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US appeals WTO verdicts on steel tariffs

Washington announced Friday that it had appealed against four World Trade Organization panel rulings faulting it for punitive tariffs imposed on steel imports from China and other countries.

It also appealed a ruling that it was flouting international trade rules by labelling imports from Hong Kong as being from China.

Former US president Donald Trump’s administration introduced the tariffs on steel and aluminium imports from China, Norway, Switzerland and Turkey.

Marking a departure from a decades-long US-led drive for free trade, Trump justified the steep tariffs with claims that massive flows of imports to the United States threatened national security.

The administration of his successor, President Joe Biden, has taken a less combative tone but has stuck with the tariffs.

The expert panels the WTO set up in 2018 to settle complaints filed over the tariffs ruled last month that they were inconsistent with various articles of the General Agreement on Tariffs and Trade (GATT).

The panels also determined that these inconsistencies were not justified by the security exceptions provided for in the GATT, as they were not applied in a time of war or during a case of serious international tension.

– ‘Fundamentally flawed’ –

US Ambassador Maria Pagan criticised the rulings during a meeting of the WTO’s Dispute Settlement Body (DSB) on Friday.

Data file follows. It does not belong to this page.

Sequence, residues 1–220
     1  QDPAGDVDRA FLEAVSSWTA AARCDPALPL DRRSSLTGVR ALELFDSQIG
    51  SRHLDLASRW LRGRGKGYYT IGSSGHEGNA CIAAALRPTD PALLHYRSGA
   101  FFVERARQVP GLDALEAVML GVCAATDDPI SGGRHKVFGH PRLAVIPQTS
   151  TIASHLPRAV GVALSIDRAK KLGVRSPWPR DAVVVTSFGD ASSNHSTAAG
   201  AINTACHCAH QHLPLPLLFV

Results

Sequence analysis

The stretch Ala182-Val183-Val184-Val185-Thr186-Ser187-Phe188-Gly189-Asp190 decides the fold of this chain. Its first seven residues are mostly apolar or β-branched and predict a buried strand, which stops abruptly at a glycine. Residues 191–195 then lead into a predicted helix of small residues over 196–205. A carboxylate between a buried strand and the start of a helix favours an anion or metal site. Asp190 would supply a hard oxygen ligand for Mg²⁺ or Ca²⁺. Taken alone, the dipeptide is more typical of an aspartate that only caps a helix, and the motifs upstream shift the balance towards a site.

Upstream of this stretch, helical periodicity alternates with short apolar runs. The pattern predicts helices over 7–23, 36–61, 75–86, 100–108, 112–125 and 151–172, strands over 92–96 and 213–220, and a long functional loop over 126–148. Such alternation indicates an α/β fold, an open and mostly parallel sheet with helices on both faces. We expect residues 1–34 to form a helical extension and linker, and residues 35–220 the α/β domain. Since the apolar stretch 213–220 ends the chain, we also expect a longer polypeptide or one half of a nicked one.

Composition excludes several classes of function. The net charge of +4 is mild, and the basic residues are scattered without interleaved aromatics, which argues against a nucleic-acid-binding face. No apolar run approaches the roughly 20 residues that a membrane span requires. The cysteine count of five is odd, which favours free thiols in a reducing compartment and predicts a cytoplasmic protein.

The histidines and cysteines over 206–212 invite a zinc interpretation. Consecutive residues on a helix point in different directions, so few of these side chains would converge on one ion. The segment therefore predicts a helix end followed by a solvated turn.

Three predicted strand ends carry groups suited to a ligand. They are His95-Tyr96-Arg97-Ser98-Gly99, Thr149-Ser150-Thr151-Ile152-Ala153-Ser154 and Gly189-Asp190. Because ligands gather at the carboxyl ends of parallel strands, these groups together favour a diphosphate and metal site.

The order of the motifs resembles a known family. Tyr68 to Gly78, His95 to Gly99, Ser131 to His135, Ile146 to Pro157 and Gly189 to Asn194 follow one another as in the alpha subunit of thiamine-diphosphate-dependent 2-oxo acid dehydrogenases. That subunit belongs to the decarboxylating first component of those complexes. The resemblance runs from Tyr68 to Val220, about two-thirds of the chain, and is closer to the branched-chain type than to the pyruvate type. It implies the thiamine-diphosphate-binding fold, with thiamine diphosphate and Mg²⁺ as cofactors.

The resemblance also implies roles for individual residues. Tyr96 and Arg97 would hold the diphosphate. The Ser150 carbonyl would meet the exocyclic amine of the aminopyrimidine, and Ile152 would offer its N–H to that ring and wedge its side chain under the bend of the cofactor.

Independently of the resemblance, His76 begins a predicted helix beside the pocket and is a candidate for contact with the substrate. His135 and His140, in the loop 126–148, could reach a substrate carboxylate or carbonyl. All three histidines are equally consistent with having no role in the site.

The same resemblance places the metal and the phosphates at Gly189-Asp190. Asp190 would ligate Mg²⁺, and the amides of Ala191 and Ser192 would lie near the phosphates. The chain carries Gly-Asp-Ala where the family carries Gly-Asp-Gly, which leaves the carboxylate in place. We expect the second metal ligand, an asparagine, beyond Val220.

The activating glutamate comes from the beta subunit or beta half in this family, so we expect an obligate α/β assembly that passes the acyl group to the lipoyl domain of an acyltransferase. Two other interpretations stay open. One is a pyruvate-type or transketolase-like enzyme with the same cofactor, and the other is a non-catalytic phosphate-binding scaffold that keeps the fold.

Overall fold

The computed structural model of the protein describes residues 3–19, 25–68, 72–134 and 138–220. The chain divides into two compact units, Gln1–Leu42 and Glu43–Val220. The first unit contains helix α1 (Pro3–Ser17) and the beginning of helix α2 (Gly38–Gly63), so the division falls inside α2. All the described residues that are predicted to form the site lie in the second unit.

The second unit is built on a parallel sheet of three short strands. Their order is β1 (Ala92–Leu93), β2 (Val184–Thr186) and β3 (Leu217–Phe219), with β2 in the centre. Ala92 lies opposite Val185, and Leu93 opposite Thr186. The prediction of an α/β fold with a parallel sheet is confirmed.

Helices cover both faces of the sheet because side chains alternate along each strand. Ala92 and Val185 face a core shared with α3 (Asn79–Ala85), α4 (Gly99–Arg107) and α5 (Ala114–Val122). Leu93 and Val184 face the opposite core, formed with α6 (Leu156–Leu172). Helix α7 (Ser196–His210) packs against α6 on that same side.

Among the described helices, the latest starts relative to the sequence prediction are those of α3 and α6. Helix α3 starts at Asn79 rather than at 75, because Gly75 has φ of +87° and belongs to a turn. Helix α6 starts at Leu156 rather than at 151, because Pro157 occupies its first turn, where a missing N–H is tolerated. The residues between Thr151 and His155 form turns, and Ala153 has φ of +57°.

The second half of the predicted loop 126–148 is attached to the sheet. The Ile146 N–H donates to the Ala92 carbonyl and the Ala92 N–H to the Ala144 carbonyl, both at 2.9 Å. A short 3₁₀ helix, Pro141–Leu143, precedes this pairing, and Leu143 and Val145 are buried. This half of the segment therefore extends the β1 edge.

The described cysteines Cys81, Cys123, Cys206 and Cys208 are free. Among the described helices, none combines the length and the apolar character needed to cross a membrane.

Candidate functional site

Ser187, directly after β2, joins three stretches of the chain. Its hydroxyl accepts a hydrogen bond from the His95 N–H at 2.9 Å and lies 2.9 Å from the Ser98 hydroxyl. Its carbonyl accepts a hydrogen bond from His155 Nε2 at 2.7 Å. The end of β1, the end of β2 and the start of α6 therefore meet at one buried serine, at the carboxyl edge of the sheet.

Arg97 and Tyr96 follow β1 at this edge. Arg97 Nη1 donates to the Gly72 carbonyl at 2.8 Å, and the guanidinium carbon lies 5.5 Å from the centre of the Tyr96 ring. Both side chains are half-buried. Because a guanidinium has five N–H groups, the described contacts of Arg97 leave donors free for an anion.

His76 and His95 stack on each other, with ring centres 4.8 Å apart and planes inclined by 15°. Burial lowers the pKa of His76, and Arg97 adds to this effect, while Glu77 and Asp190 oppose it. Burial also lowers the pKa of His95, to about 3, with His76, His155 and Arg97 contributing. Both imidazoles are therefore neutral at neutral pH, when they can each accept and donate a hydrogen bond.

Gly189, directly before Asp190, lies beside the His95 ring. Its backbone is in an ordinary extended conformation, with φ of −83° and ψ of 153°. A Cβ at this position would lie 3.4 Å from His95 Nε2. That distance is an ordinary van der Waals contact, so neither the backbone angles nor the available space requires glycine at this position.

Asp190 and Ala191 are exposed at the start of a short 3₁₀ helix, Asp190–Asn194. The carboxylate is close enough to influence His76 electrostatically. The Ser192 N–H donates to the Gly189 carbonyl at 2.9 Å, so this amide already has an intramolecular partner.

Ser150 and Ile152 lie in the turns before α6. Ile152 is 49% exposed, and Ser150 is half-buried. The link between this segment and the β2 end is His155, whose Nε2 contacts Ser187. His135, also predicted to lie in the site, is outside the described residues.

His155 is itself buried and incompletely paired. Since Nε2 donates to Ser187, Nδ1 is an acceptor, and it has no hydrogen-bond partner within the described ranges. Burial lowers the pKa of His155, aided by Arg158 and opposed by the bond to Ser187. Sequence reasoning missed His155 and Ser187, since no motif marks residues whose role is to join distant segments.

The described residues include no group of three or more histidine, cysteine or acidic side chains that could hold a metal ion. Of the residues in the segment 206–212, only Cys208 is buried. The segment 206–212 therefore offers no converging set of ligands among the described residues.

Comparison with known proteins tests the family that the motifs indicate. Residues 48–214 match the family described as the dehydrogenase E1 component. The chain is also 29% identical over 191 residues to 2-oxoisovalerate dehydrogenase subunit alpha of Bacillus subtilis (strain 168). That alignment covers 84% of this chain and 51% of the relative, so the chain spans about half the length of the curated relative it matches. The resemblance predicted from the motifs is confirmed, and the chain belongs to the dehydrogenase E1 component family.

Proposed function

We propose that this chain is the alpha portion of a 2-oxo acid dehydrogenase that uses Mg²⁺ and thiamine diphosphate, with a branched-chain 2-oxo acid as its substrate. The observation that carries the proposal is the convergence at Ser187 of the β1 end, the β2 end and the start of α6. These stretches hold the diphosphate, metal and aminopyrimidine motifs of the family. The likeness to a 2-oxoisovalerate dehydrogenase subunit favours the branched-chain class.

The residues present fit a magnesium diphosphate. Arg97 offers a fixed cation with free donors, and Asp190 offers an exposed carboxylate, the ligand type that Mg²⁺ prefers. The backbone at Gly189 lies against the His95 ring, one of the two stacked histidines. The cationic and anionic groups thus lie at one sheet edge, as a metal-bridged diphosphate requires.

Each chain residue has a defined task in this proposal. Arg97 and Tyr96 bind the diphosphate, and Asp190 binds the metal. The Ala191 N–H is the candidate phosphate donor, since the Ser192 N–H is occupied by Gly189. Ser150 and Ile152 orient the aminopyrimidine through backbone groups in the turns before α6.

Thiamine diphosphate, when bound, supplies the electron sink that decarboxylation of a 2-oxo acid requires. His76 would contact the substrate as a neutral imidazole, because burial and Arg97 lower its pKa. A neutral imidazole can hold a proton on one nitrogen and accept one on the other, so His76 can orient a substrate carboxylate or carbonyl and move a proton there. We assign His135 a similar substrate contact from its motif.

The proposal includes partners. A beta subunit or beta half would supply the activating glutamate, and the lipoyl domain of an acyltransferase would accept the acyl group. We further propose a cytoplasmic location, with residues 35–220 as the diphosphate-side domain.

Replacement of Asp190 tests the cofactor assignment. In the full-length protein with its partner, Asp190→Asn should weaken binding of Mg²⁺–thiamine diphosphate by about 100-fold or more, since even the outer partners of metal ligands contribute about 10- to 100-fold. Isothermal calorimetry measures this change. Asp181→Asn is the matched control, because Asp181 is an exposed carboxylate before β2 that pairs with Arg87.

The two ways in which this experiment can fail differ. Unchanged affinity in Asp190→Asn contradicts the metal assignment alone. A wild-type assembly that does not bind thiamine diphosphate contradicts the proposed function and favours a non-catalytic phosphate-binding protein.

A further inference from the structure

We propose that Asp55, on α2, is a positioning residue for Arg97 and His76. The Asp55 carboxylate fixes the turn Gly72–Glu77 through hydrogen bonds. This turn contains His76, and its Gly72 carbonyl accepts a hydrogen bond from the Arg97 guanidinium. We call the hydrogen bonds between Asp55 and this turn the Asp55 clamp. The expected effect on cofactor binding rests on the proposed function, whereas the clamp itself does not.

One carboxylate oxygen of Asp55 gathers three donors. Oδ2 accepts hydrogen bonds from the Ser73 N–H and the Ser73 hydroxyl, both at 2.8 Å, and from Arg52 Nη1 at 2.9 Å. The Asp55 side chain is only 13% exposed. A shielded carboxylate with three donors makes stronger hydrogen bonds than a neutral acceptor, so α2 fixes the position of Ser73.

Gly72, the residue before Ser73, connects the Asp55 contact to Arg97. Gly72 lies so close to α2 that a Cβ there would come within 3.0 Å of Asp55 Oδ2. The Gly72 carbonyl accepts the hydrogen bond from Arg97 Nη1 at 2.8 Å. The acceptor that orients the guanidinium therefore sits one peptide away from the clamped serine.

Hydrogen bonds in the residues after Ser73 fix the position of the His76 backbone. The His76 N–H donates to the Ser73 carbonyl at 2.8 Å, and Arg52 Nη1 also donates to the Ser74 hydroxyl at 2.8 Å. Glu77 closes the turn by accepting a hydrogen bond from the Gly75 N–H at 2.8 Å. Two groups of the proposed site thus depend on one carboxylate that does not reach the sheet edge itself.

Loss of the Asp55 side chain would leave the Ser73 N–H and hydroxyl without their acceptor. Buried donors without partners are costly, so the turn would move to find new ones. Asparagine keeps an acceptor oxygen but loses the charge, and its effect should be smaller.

“The United States will not cede decision-making over its essential security to WTO panels,” she said.

“For over 70 years, the United States has held the clear and unequivocal position that issues of national security cannot be reviewed in WTO dispute settlement,” she said.

“The United States cannot support adoption of these fundamentally flawed and damaging reports,” she said, announcing the US decision to appeal.

Washington has also appealed a separate ruling issued last month faulting it for another decision under Trump to stop stamping products as “Made in Hong Kong”, and instead labelling them as Chinese-made.

After Hong Kong filed a complaint arguing that the move ignored its status as a separate WTO member, a DSB panel ruled the US shift in origins markings was “not justified” under global trade rules.

In the past, the WTO Appellate Body would have had three months to rule on any appeals filed.

But the appeals tribunal — also known as the supreme court of world trade — has been frozen since late 2019, after the United States under Trump blocked the appointment of new judges and demanded a dramatic overhaul.

By filing appeals into a void, Washington has in effect blocked China’s ability to move forward and request financial compensation for the US activities deemed illegal by the DSB.

The issue of US tariffs on Spanish olives also came up during Friday’s meeting.

In late 2021, a WTO panel ruled the steep import duties slapped on Spain’s iconic agricultural export by the Trump administration in 2018 violated international trade laws and demanded that Washington rectify the situation.

The United States said Friday it had done so, but the European Union disagreed and said it was considering the next steps to make sure the WTO ruling is respected.